More Americans living under cloud of ‘data insecurity’

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From gov­ern­ment sur­veil­lance and behav­ior-based adver­tis­ing, to social media and search-engine track­ing, there are plen­ty of ways for Amer­i­cans to lose their pri­va­cy online. With such a long trail of dig­i­tal crumbs that online users leave behind, are they even wor­ried any­more about los­ing pri­va­cy, or is that par for the course in the dig­i­tal age?

Turns out, the major­i­ty of Amer­i­cans still place high val­ue on their pri­va­cy. Yet few are con­fi­dent that the enti­ties col­lect­ing the data can be trust­ed to keep it pri­vate and secure.

Those were the find­ings in a recent report by the Pew Research Cen­ter, “Amer­i­cans’ Atti­tudes About Pri­va­cy, Secu­ri­ty and Surveillance.”

How the USA FREEDOM Act impacts the pri­va­cy con­cerns of Amer­i­cans remains to be seen.

The leg­is­la­tion was approved by the U.S. Sen­ate on Tues­day. It already has been approved by the House, and Pres­i­dent Oba­ma has promised to sign it into law. The bill reforms the way the Nation­al Secu­ri­ty Agency col­lects phone data — end­ing bulk sur­veil­lance, which was deemed ille­gal last month by a fed­er­al appeals court.

How­ev­er, the USA FREEDOM Act extends through 2019 sev­er­al oth­er top pro­vi­sions of the 2001 PATRIOT Act that expired on June 1.

(USA FREEDOM is an acronym for Unit­ing and Strength­en­ing Amer­i­ca by Ful­fill­ing Rights and End­ing Eaves­drop­ping, Drag­net-col­lec­tion and Online Monitoring.)

Secu­ri­ty & Pri­va­cy Week­ly News Roundup: Stay informed of key pat­terns and trends

The Cen­ter for Democ­ra­cy and Tech­nol­o­gy hailed the Sen­ate move as a vic­to­ry but called for fur­ther action from Congress.

Pas­sage of the USA FREEDOM Act is the most sig­nif­i­cant nation­al secu­ri­ty sur­veil­lance reform mea­sure in the past three decades,” said CDT Advo­ca­cy Direc­tor Harley Geiger in a state­ment, “but the bill does not solve all the prob­lems with surveillance.”

Watch­ers are watch­ing everywhere

Mean­while, the Pew report under­scores the citizenry’s sense of pow­er­less­ness regard­ing the enor­mous size of the data “warehouses”—maintained both by the gov­ern­ment and the com­mer­cial sectors.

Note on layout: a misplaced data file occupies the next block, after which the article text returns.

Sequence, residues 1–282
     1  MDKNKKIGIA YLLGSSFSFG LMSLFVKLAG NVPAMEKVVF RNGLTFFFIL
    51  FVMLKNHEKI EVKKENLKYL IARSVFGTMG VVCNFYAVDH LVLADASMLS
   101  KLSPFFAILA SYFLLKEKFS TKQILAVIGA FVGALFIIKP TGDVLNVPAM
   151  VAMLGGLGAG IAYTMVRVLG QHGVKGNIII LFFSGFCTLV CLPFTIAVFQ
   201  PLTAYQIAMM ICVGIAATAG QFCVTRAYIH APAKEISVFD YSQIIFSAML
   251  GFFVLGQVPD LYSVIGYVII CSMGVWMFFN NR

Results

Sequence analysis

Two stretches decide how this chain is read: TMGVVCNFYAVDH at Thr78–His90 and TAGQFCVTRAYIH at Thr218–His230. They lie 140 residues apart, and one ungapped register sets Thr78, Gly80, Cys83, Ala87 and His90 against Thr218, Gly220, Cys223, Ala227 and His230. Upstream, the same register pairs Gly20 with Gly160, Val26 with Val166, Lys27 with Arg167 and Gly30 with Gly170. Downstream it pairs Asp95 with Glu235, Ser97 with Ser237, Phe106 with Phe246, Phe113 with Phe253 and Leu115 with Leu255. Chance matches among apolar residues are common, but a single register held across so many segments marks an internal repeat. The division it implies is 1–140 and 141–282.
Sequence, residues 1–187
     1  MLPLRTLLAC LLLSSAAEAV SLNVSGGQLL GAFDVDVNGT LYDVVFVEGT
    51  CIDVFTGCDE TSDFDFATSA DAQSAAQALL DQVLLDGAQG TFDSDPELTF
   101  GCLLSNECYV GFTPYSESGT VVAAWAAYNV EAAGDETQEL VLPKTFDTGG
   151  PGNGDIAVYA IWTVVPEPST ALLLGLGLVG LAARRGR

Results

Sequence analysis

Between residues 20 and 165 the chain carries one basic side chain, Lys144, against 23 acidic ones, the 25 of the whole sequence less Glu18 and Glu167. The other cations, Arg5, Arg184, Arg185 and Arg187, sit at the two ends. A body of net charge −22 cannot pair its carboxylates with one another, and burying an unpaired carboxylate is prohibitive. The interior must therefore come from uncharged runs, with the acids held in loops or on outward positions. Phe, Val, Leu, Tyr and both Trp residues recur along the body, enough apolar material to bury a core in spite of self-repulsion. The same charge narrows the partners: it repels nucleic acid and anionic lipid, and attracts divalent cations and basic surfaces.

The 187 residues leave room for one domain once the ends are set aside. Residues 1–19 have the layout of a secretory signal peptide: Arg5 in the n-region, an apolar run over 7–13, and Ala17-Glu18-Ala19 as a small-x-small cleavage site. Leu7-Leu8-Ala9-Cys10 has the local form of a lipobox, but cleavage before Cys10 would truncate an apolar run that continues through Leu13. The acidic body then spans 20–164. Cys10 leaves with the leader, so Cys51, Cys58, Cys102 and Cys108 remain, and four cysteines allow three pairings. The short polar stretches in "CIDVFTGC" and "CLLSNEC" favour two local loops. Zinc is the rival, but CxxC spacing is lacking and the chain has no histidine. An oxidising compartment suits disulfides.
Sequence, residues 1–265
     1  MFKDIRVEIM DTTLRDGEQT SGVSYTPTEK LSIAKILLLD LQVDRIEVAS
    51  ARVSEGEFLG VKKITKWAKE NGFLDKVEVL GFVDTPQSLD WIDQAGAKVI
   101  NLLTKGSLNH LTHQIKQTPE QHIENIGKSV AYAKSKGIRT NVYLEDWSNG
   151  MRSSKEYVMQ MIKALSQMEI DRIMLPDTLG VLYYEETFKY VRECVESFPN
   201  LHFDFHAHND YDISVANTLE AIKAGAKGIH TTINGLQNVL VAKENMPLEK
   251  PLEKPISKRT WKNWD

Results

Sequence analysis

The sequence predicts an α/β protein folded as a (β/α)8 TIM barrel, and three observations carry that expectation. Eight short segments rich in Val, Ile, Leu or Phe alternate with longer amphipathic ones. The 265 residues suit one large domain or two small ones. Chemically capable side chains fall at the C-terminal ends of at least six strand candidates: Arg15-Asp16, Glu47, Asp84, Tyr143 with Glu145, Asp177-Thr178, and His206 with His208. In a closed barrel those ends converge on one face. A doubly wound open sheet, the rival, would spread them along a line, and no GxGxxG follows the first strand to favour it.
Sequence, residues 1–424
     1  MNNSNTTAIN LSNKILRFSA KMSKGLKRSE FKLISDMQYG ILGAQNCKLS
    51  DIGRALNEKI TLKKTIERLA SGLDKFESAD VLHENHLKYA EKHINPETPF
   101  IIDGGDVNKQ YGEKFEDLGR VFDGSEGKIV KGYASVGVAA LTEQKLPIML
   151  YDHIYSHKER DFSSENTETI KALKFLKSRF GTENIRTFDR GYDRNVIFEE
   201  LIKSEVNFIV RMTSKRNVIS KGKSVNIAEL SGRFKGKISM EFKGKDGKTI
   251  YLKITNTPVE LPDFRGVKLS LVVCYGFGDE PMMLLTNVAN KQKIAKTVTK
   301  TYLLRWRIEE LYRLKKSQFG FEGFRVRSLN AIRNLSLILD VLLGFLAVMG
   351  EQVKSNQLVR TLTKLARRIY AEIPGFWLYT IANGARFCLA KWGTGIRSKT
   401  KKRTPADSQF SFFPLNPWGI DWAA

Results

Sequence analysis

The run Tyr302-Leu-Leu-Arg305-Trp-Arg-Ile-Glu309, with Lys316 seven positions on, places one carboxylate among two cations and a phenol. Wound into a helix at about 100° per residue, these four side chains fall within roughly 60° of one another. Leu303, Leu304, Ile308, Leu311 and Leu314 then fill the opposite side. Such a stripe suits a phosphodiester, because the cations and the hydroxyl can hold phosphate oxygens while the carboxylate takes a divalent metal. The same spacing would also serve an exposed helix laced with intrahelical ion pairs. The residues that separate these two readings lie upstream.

Mary Mad­den and Lee Rainie, the authors of the report, wrote that events like the Snow­den rev­e­la­tions and mul­ti­ple retail secu­ri­ty breach­es “have con­tributed to a cloud of per­son­al ‘data inse­cu­ri­ty’ that now looms over many Amer­i­cans’ dai­ly deci­sions and activities.”

Using a recent study as well as pre­vi­ous sur­veys by Pew Research, the two authors found that Amer­i­cans still find pri­va­cy impor­tant “in their dai­ly lives in a num­ber of essen­tial ways.”

Yet, they have a per­va­sive sense that they are under sur­veil­lance when in pub­lic and very few feel they have a great deal of con­trol over the data that is col­lect­ed about them and how it is used,” they wrote.

Among Pew’s most recent findings:

  • Of the 461 adults sur­veyed, 74 per­cent felt it’s “very impor­tant” for them to con­trol who can get their infor­ma­tion, and anoth­er 19 per­cent find that “some­what important.”
  • The majority—65 percent—felt it’s “very impor­tant” to con­trol what infor­ma­tion is col­lect­ed, and anoth­er 25 per­cent that it’s “some­what important.”
  • Those sur­veyed had strong feel­ings about not hav­ing some­one watch­ing or lis­ten­ing to them with­out permission.

When it comes to the con­sumers’ trust in data col­lec­tors’ abil­i­ty to main­tain the pri­va­cy and secu­ri­ty of the infor­ma­tion, how­ev­er, the num­bers were skewed to the oppo­site side of the scale in a sep­a­rate, ear­li­er Pew sur­vey of near­ly 500 adults.

Who’s in the driver’s seat?

Half of the respon­dents in that sur­vey felt they have “not much con­trol” (37 per­cent) or “no con­trol at all” (13 per­cent) over how their infor­ma­tion is being col­lect­ed and used.

Few­er than 10 per­cent felt “very con­fi­dent” about all cat­e­gories of enti­ties that col­lect data—with cred­it card com­pa­nies earn­ing the high­est trust (9 per­cent) and online video and social media sites as well as online adver­tis­ers hav­ing the most dis­mal rate (1 percent).

The num­bers of Amer­i­cans who felt “some­what con­fi­dent” in the same enti­ties ranged between 6 per­cent and 29 per­cent, once again with cred­it card com­pa­nies inspir­ing the most con­fi­dence. The 11 cat­e­gories also includ­ed land-line and mobile phone com­pa­nies, gov­ern­ment agen­cies, retail­ers and email providers.

Despite those feel­ings, the major­i­ty of the con­sumers haven’t changed their behav­ior to improve their pri­va­cy by doing things like clear­ing brows­er cook­ies and refus­ing to give infor­ma­tion not rel­e­vant to the transaction.

And a slim num­ber have encrypt­ed phone calls, text mes­sages or emails (10 per­cent), or used tools for surf­ing online anony­mous­ly (9 percent).

Not sur­pris­ing­ly, one area Amer­i­cans feel strong­ly about is lim­it­ing Inter­net and tele­phone data col­lect­ed by the gov­ern­ment. Pew found that the more Amer­i­cans knew about gov­ern­ment sur­veil­lance, the less they felt in con­trol of their data.

More on emerg­ing pri­va­cy concerns
A call for a data breach warn­ing label
For­mer FTC con­sumer chief: pri­va­cy regs needed
Use of Ver­i­zon ‘zom­bie cook­ies’ halted